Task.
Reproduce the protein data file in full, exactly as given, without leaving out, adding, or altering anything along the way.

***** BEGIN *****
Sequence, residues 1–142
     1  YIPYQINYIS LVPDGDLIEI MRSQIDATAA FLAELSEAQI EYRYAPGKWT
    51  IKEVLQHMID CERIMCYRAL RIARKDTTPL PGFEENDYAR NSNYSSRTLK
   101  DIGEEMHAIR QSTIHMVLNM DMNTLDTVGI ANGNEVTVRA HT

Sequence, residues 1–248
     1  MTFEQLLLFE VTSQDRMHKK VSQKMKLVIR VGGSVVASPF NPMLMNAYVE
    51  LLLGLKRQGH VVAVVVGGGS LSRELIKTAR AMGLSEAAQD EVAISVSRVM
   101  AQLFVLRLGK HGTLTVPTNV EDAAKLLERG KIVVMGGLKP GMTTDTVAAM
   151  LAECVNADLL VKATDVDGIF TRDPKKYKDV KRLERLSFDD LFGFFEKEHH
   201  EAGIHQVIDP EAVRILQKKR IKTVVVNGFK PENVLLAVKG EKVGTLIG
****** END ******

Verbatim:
Sequence, residues 1–142
     1  YIPYQINYIS LVPDGDLIEI MRSQIDATAA FLAELSEAQI EYRYAPGKWT
    51  IKEVLQHMID CERIMCYRAL RIARKDTTPL PGFEENDYAR NSNYSSRTLK
   101  DIGEEMHAIR QSTIHMVLNM DMNTLDTVGI ANGNEVTVRA HT

Sequence, residues 1–248
     1  MTFEQLLLFE VTSQDRMHKK VSQKMKLVIR VGGSVVASPF NPMLMNAYVE
    51  LLLGLKRQGH VVAVVVGGGS LSRELIKTAR AMGLSEAAQD EVAISVSRVM
   101  AQLFVLRLGK HGTLTVPTNV EDAAKLLERG KIVVMGGLKP GMTTDTVAAM
   151  LAECVNADLL VKATDVDGIF TRDPKKYKDV KRLERLSFDD LFGFFEKEHH
   201  EAGIHQVIDP EAVRILQKKR IKTVVVNGFK PENVLLAVKG EKVGTLIG